What do you mean? Convolution is a very general operation. What the fastest implementation is depends very much on the kernel you want to use. If the kernel is separable, like the Gaussian, you can apply a series of one-dimensional convolutions. If the kernel is very large it often is best to compute the convolution through the Fourier Domain.

  5. On January 31st, 2009, at 6:03, Rodrigo said:

    I just run into this. Genius!!!!

  6. On March 31st, 2009, at 0:53, Will Dwinnell said:

    This is an interesting posting. Thanks!

  7. On May 6th, 2009, at 13:17, Maha Maabar said:

    Can we determine the degree of smoothing from the size of the Gaussian filter σ?

  8. On May 6th, 2009, at 13:51, Cris Luengo said:

    Hi Maha,

    The parameter σ determines the degree of smoothing. The size in pixels of a Gaussian filter is typically between 6 and 10 times the σ (cutting off the tail of the Gaussian curve at 3σ or 5σ). Smaller sizes can affect how well the filter dampens high frequencies, so it’s not recommended to go below the 3σ cutoff. But other than that, the size in pixels of the filter does not change the degree of smoothing: it is only determined by the parameter σ.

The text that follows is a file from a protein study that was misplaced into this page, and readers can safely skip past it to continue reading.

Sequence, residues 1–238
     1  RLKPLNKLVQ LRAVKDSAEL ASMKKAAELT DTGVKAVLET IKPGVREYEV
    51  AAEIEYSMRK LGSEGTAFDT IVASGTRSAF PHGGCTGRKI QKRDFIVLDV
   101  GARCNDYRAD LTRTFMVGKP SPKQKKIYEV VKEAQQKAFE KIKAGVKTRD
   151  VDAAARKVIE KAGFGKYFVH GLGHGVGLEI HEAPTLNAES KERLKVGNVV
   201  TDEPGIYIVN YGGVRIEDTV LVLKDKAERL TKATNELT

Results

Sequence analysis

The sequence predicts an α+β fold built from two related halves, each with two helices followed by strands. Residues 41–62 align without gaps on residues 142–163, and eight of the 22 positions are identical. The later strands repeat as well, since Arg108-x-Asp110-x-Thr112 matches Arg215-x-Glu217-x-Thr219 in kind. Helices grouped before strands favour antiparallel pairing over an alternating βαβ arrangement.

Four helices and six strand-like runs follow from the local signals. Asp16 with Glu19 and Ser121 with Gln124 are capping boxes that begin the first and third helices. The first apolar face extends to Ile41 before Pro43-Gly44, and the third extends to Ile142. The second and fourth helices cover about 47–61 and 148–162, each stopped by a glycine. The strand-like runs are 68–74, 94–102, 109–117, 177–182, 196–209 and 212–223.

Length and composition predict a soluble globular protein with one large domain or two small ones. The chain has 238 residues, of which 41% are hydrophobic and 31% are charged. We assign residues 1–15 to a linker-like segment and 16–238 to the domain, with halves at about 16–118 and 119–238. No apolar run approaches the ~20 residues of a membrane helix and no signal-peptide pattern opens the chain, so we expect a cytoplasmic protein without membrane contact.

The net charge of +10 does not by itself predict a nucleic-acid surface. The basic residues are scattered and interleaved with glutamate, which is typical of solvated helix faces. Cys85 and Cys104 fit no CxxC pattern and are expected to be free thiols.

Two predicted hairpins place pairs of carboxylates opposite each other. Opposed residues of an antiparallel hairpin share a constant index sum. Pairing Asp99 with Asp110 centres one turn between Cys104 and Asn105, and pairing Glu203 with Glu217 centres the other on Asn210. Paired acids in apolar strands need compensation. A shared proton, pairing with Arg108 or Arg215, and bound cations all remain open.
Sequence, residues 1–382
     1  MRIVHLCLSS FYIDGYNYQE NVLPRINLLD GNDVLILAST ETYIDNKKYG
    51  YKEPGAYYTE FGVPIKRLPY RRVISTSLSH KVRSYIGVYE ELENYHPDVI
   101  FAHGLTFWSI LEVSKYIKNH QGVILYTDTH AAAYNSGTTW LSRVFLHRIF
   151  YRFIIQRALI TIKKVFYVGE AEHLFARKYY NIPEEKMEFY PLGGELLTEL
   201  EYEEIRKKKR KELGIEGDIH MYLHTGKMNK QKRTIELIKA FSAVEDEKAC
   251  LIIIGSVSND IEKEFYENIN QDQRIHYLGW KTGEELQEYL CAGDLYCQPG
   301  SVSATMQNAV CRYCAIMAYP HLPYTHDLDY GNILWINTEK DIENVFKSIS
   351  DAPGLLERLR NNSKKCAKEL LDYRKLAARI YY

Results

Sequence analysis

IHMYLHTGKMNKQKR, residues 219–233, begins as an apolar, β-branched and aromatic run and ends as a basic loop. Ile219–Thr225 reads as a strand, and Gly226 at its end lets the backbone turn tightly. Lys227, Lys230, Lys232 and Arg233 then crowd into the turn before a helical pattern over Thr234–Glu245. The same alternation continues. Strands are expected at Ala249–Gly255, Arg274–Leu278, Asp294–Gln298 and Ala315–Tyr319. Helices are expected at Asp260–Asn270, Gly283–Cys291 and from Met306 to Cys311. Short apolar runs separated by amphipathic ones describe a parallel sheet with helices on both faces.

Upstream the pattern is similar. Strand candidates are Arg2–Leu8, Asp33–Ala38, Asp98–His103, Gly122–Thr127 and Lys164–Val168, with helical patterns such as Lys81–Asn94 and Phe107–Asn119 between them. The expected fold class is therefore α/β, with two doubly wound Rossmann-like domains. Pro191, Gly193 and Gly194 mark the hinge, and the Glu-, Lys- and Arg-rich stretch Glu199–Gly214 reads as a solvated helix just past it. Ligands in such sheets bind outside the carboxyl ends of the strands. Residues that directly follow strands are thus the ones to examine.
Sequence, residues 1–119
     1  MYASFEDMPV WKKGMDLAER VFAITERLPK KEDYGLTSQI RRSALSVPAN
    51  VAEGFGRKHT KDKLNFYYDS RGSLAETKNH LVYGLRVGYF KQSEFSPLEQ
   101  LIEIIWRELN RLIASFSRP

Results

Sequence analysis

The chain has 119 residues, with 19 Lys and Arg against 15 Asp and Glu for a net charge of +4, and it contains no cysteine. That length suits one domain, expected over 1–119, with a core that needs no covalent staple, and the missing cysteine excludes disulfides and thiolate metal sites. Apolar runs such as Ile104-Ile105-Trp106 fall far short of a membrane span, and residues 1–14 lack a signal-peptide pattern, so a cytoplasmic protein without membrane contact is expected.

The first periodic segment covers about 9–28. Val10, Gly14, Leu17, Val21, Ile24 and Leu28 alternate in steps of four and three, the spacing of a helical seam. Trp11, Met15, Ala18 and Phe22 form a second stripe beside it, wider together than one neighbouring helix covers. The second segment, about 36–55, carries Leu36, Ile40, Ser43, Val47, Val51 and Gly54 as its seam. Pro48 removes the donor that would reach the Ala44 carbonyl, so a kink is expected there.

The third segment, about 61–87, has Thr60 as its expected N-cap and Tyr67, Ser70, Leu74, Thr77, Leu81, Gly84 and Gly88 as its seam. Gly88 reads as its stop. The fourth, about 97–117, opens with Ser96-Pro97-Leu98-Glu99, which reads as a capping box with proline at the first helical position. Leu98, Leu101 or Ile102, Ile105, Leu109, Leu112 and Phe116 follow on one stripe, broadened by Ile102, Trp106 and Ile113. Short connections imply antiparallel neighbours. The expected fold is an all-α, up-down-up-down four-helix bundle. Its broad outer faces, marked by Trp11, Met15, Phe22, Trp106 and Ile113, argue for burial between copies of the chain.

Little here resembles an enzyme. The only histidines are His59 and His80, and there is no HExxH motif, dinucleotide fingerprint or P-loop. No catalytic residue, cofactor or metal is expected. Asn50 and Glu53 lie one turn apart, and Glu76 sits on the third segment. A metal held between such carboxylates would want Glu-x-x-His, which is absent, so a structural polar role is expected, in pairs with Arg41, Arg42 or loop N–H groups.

9. On May 6th, 2009, at 19:59, Maha Maabar said:

    Thanks Cris for your quick reply. However, I think I didn’t state the problem clearly. My question is, can we, or is there a way to, predict the amount of noise reduction for a certain value of σ? For example, can we say how much reduction a kernel of σ = 5 would achieve on a signal of amplitude 100 pixels?

  10. On May 7th, 2009, at 9:22, Cris Luengo said:


    The answer is yes and no. You can calculate how much you’d reduce the energy of the noise in the image, but the energy of the signal is also reduced in some way that depends on image contents. Therefore it is not possible to estimate the increase in signal to noise ratio (SNR), which is the more relevant value quantifying noise.

    To calculate the reduction of energy of the noise portion of the image you’d use Fourier analysis. White noise has a uniform amplitude in the Fourier domain. The energy is the integral of the square of the amplitude. Convolution with a Gaussian is multiplication with a Gaussian in the Fourier domian. Therefore, white noise energy will be reduced by a factor equivalent to the integral of the square of the Gaussian in the Fourier domain.

    If the noise is not white, you can still calculate the energy reduction as long as you know the power spectrum. To calculate the SNR increase you also need to know the power spectrum of the noise-free signal, which typically is not obtainable unless you image is synthetic.

  11. On May 8th, 2009, at 12:42, Maha Maabar said:

    Hi Cris,

    Thanks very much for your idea.

    can you please point me to some good references which explain it in more details?

  12. On May 8th, 2009, at 13:58, Cris Luengo said:


    I don’t have a reference that studies this particular issue, but any book on Fourier analysis should give you all the equations and knowledge you need to compute these things. A good reference is, for example, “Signals and Systems” by Alan V. Oppenheim and Alan S. Willsky (Prentice Hall, 1997).